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The North Carolina Bach Festival concluded its 2007-8 season with an attractive program of Bach organ works, one of which was given in an adaptation for chorus and organ accompaniment, with English words. There was also a version by Johann Ludwig Krebs of a chorale tune ("Wir glauben all' an einen Gott," properly called a "chorale prelude" in this guise) to which Bach himself returned frequently.
The program, given at the Raleigh Moravian Church, home of a small but splendid Adam Stein organ (built in 1902) that is well-suited to Bach, and which has in recent years benefited from a major and ongoing renovation, drew a respectable crowd on a cold, rainy, and generally dreary afternoon. (Come to think of it, the NCBF has never drawn a crowd that wasn't respectable — this of course has something to do with the overall solemnity of much of the music and the high levels of respect accorded it by the artists who grace the Festival's programs.)
First up was the Choir of the church, some 16 voices directed and accompanied by Cathy Hamner, who sang the "Alleluia Fugue," originally for organ alone, to words that begin "Praise the Lord and sing unto His holy name." There are few composers whose music lends itself so well to adaptation as Bach's, and this was a stirring arrangement, deftly sung.
The main body of the program was devoted to a series of performances by students from the Organ Studio of East Carolina University, introduced by Colin Andrews; several of the students are his, and others are the products of Janette Fishell, his spouse (who, he told us, has recently been appointed to the faculty at the University of Indiana School of Music). The students ranged in age from 17 to 26 (a grad student) and played at varying levels of proficiency, all of which was nonetheless sufficient to convey the impression that there is some fine teaching going on Down East, as Piedmont residents are wont to say. (The fact that Greenville is home to the splendid Fisk 126 Organ, installed in St. Paul's Episcopal Church, is an added bonus to the University's program.)
The players, in order of appearance, were Marty Barstow, 20, Samantha Koch, 17, Timothy Price, 20, Antony Bruno, 20, Daniel Russell, 21, and Weil Sawyer, 26. They played various preludes and fugues (in A minor, S.543, in C, S.531, in G minor, S.535, and in E minor, S.548), a toccata (in E, S.566); and a batch of chorale preludes ("Das alte Jahr vergangen ist,"S.614, "Nun komm der Heiden Heiland," S.599, "Jesus Christus, unser Heiland," S.626, "Ich ruf’ zu dir, Herr Jesu Christ," S.639, "Heut' triumphieret Gottes Sohn," S.630, and "O Mensch, bewein dein' Sünde groß," S.622). All of these chorale preludes are from the so-called Orgel-Büchlein (or Little Organ Book), probably compiled for Wilhelm Friedemann Bach. The concert was a figurative celebration of JSB's birthday, on March 20, 1685. At this remove, what's 10 days or so among friends — and especially among friends of Bach?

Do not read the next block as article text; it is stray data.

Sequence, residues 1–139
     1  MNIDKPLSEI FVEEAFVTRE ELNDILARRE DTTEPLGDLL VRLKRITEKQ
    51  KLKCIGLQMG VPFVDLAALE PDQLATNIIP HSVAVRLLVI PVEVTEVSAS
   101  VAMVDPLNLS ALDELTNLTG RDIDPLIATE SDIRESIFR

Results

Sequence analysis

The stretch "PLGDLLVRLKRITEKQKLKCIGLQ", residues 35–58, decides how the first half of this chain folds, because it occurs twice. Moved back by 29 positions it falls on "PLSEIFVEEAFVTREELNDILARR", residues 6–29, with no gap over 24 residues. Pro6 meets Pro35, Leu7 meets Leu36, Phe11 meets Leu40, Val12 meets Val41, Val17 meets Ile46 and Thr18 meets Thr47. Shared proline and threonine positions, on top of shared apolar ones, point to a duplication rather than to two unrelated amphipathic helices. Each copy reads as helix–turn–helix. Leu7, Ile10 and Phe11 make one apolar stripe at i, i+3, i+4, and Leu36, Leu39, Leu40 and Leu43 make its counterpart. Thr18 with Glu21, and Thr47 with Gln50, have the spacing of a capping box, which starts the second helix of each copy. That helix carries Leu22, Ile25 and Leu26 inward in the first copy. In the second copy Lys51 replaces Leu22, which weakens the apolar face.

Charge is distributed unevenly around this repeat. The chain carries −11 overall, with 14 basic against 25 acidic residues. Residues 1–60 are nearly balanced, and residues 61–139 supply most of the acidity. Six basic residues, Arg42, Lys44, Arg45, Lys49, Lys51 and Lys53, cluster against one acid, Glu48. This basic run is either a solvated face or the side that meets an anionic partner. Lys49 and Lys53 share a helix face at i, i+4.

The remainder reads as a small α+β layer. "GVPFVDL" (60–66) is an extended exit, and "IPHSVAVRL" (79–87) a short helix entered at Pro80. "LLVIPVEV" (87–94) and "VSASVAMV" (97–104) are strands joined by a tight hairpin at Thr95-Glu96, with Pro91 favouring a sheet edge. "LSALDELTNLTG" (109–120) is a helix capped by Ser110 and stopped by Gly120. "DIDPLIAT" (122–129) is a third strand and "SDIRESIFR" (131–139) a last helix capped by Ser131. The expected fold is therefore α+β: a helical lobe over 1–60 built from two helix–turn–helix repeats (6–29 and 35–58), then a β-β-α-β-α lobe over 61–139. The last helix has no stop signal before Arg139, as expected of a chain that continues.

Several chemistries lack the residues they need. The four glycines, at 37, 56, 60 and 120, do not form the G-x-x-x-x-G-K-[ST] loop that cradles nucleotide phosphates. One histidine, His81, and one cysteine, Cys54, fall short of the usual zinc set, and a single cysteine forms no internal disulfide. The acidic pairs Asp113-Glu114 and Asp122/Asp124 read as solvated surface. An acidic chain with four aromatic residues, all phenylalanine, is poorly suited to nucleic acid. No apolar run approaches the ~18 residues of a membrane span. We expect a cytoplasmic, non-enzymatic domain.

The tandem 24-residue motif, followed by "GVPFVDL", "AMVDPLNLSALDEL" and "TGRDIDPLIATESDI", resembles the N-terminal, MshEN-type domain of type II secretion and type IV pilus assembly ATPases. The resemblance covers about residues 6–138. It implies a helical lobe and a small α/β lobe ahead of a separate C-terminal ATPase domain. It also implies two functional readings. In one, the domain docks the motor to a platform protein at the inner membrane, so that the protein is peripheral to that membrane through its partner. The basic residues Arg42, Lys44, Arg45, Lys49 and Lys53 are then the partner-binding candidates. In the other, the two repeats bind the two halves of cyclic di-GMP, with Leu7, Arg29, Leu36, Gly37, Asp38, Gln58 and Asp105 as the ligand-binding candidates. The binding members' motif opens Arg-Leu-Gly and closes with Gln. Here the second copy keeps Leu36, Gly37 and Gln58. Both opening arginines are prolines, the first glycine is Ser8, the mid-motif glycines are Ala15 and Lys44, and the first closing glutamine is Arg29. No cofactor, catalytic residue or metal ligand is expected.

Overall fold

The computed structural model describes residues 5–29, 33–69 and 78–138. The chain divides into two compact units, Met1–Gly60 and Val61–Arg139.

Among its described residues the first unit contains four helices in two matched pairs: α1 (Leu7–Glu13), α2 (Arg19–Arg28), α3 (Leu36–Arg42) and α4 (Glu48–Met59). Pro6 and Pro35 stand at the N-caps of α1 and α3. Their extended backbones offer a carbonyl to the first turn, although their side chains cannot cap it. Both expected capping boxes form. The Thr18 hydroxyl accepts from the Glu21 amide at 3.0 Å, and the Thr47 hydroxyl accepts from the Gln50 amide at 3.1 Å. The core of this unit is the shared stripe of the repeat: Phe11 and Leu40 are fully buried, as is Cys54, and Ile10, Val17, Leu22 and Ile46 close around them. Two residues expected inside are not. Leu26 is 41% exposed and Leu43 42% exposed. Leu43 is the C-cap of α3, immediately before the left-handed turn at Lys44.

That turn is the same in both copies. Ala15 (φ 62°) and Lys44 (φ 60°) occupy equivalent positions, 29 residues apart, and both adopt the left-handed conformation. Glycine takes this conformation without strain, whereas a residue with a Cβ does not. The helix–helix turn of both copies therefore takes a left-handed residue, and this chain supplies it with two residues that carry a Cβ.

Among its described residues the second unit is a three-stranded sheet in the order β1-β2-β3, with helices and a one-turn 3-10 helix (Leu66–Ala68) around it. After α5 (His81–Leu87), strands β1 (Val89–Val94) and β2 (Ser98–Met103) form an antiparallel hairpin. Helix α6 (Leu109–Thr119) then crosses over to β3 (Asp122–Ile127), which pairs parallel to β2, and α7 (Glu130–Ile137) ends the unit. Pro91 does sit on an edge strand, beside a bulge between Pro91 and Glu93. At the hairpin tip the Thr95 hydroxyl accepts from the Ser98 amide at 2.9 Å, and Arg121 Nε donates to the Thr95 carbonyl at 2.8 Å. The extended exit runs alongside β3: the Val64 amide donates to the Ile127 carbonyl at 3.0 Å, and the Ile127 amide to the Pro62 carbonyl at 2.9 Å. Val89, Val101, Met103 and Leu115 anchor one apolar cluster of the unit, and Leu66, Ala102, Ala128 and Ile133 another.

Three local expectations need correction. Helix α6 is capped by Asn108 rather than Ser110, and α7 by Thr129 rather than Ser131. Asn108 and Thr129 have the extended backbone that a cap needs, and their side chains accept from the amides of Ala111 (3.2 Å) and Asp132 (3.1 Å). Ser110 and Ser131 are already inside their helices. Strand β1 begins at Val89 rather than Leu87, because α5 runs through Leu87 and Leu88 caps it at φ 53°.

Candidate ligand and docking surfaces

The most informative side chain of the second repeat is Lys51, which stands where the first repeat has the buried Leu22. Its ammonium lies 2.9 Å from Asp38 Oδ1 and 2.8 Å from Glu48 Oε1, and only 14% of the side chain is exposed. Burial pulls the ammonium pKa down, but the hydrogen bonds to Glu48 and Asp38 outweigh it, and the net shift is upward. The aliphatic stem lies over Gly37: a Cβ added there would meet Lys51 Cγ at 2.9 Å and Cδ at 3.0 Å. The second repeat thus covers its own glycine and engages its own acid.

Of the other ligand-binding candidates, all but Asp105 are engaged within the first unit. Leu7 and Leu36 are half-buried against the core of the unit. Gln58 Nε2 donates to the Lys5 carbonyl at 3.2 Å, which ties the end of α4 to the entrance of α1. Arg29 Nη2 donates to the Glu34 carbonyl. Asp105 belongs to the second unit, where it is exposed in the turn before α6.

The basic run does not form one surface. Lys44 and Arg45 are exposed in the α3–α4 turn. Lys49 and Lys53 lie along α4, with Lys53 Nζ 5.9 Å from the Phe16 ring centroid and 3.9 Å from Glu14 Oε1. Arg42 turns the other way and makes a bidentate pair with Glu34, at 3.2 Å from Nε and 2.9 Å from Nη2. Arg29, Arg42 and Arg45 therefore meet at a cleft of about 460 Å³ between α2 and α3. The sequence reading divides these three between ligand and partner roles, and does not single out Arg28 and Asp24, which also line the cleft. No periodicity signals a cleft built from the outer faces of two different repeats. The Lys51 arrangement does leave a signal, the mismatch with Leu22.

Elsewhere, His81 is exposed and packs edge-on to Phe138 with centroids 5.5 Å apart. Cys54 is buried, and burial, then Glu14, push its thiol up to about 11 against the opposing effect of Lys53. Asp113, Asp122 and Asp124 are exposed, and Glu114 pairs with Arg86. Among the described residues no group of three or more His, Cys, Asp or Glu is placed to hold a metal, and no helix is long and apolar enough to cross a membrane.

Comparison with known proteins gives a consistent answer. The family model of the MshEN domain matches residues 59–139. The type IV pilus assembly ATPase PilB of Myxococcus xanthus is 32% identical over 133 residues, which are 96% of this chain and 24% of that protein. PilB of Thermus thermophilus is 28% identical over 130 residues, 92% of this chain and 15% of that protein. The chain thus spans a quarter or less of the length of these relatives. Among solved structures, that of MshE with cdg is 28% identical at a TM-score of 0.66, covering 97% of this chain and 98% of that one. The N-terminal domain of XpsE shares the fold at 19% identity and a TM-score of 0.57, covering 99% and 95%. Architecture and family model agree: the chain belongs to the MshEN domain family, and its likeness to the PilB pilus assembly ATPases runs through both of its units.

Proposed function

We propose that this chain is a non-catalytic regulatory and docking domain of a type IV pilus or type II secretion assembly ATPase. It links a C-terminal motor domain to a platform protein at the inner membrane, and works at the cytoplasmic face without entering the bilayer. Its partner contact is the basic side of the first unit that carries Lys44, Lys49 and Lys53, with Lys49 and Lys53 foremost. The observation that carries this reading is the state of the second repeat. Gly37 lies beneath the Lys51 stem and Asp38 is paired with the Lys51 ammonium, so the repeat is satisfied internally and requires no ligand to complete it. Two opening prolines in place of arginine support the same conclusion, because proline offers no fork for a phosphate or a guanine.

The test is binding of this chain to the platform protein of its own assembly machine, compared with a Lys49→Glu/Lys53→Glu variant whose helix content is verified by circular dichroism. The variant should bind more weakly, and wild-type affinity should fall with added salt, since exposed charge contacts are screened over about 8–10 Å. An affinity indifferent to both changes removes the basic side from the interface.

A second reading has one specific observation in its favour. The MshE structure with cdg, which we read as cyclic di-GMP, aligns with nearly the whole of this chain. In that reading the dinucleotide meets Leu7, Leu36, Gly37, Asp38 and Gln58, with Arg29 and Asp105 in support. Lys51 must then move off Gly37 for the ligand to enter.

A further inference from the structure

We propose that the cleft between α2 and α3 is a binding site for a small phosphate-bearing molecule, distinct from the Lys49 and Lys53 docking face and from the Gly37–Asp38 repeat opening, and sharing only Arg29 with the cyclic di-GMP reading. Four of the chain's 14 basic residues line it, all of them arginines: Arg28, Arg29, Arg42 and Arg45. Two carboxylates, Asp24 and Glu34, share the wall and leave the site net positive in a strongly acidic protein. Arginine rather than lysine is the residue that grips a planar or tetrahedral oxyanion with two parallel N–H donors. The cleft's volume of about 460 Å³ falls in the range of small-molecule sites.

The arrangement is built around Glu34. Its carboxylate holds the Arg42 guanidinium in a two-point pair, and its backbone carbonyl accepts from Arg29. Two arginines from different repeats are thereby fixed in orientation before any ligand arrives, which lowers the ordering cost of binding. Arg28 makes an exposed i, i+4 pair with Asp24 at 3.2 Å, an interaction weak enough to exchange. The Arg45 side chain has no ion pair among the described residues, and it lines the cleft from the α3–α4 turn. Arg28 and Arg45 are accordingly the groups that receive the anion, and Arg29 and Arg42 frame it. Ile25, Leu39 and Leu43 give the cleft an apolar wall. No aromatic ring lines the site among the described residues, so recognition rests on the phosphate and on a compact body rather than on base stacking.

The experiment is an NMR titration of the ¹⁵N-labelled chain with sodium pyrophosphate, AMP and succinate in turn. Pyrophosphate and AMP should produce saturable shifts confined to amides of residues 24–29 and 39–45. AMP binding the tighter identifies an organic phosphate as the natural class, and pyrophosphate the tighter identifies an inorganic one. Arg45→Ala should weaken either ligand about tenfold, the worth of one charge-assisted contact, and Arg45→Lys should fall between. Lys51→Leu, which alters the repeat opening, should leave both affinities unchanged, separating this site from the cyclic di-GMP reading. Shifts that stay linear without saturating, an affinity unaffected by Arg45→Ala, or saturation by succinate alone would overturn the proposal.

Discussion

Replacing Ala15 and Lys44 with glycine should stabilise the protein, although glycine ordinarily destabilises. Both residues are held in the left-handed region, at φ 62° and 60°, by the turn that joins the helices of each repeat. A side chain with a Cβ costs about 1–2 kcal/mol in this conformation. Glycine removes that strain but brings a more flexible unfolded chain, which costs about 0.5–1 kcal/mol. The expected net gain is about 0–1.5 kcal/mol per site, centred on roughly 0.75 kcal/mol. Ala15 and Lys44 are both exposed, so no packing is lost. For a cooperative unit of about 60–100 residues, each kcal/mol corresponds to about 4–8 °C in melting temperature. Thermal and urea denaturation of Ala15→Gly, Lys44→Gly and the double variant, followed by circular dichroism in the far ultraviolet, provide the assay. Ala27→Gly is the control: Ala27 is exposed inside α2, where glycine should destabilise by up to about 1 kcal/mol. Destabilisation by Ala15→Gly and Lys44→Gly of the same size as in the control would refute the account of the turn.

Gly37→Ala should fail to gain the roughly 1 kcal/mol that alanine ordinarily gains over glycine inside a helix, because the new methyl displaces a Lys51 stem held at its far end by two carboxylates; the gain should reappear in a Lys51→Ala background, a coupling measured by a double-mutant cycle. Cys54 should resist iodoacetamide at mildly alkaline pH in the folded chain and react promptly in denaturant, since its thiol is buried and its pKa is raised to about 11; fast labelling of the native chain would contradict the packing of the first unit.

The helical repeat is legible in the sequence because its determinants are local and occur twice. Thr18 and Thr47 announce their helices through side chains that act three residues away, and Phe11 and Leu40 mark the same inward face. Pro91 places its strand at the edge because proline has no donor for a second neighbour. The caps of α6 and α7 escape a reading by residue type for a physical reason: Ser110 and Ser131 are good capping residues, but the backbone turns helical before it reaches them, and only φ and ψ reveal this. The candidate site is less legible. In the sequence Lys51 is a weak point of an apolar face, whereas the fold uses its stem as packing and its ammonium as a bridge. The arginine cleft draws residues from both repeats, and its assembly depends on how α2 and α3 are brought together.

It was an altogether admirable program, given with considerable variety of registrations and dynamics on a wonderful, sometimes charmingly clattery tracker organ that has ample power to shake the chamber and everything in it on demand. The preludes and fugues turn up often enough in recitals and on recordings, but those offered on this occasion were not all well-known pairs. The chorale preludes are heard fairly frequently, too, if one attends the right churches (where such things are still performed...), but they are often masked by whispering or departing congregants; all of them merit the close attention they received from this audience (although there's something to be said for the fact that — as several organists have told me — the greatest pleasure of all is derived by playing them). The program might have been structured to end with the presumed "heavy hitter," Weil Sawyer, who offered the E Major Toccata, "O Mensch, bewein," and the Prelude and Fugue in E minor, but in fact the work of several other players was as strong, in the works they performed, and the youngest of the lot, Samantha Koch, gave a truly heroic reading of the Prelude and Fugue in C. Here's hoping all of them will continue to study and work at their art. Here's hoping, too, that at some point someone will take them aside and give them some pointers on stage deportment, which admittedly isn't a big priority for most church organists.
The NC Bach Festival has continued to provide enriching concerts since its first performance (of the St. John Passion) back in 1979. At least one of its named supporters moved on a number of years ago to reap her heavenly reward, but the list is substantial, and it's a fact that Bach merits our frequent attention, so thanks and praise to NCBF President Chris Bickers, Vice-President Elizabeth Chopinet, and all who help make these programs possible.